I made myself a promise to blog here every Wednesday. Unfortunately I am a day late in posting this time but as I was fixing up some edits on a soon-to-be-released small book, I forgive myself.
It is hardly unusual for me to be l letting rip against Australian television. But this time I actually have some positive things to say in plugging a couple of programs.
30 Rock is a great little comedy. Created by Tina Fey and loosely reflecting her time writing for and then performing on the US comedic icon, Saturday Night Live, this is genuinely funny viewing. The characters in the show have been wonderfully cast in creating a diverse range of comedic conflicts and contrasts as it makes fun of television and big business. I had no idea how good a comic actor Alec Baldwin is in a role such as the one he has here and his casting was quite a gem. And how could you not like and appreciate Fey’s Liz Lemon?
This program should have excellent ratings but that is unlikely. Why? Because it is broadcast at a ridiculously hour on Australian television.
Parks and Recreation features another graduate of SNL, Amy Poehler. Her depiction of a local-government-obsessed public servant in a mockumentary style of program is another little gem. And the diversity of the cast behind her is just as well put together as that of 30 Rock. And they have their Big Name in there as well with Rob Lowe playing a beaut, quirky role.
Just like 30 Rock, Parks and Recreation should be going gangbusters but sadly it is broadcast even later than 30 Rock in Australia.
Interestingly, Fey and Poehler are friends as well as co-performers together on SNL. This may be why there are some similarities between the two programs but more than enough differences to avoid any ‘me too’ comparisons, although Parks and Gardens has come under a little fire in the past for being too similar in technique to The Office.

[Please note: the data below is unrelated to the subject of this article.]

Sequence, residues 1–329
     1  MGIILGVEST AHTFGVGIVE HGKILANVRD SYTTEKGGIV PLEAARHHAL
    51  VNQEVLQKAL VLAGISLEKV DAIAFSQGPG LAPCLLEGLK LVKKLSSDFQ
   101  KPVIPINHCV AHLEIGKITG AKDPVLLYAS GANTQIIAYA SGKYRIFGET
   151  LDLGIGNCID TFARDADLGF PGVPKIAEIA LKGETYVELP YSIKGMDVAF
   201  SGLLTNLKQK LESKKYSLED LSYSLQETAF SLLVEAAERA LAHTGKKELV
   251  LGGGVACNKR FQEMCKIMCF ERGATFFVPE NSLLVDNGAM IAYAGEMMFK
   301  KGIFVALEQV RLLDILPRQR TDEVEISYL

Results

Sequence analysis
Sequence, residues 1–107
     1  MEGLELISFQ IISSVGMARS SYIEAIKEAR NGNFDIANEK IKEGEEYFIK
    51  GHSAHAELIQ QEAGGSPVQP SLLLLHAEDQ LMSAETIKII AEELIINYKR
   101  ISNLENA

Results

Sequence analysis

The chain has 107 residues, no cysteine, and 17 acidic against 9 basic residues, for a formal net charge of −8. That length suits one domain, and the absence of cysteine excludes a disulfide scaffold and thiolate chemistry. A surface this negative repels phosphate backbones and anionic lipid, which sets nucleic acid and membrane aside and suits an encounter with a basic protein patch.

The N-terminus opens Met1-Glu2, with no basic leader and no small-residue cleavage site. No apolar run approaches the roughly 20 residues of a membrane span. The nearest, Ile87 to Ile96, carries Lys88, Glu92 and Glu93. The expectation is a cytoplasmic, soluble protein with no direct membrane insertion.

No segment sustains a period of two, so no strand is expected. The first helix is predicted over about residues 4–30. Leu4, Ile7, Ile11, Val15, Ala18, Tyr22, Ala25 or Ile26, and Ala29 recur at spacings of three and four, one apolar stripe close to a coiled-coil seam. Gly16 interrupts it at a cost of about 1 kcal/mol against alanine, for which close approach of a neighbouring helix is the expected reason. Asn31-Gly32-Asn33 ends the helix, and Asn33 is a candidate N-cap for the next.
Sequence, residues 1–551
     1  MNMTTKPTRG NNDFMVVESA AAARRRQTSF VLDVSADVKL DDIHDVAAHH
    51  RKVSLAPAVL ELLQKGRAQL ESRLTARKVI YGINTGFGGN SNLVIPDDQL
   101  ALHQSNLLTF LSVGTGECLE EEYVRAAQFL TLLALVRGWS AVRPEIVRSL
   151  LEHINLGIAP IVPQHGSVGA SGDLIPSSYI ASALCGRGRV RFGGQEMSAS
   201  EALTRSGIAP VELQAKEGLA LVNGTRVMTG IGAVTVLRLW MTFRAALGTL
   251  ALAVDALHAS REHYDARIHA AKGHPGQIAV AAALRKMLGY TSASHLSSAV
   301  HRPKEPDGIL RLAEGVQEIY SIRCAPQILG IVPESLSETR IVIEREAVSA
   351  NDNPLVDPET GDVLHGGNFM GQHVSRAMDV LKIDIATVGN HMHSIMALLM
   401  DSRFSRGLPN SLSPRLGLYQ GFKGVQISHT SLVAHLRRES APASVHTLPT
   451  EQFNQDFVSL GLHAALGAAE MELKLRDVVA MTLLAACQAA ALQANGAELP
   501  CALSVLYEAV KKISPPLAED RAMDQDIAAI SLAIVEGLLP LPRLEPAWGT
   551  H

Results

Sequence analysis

These are genuinely funny television programs. So why on earth are they condemned to such late night slots? Not everyone has the flexibility of hours that I have these days and so can often afford to sit up that late to watch things that have been hidden away in the attic of late night viewing.
Hey television networks – do you have something against genuinely entertaining people? Why on earth are two of the most entertaining programs on Australian public television, condemned to the late shift without any real audience? And what are they losing out too in the programming stakes? So-called ‘reality’ garbage like The Shire, GC, the repacked-but-still-the-same-crap Big Brother?
Here’s another thought. Both of those programs feature a strong cast, good writing and the experience of two well-credentialed leads, all from North America. But we have some damned good writers and performers Down Under. So why on earth doesn’t Australian television make the most of some of them by encouraging and supporting local development of more than just ‘me too’ ‘reality’ garbage? As I have said before, that means jobs, economic production, creative opportunities, revenue streams and potential export dollars.
Wake up, Australia! Please!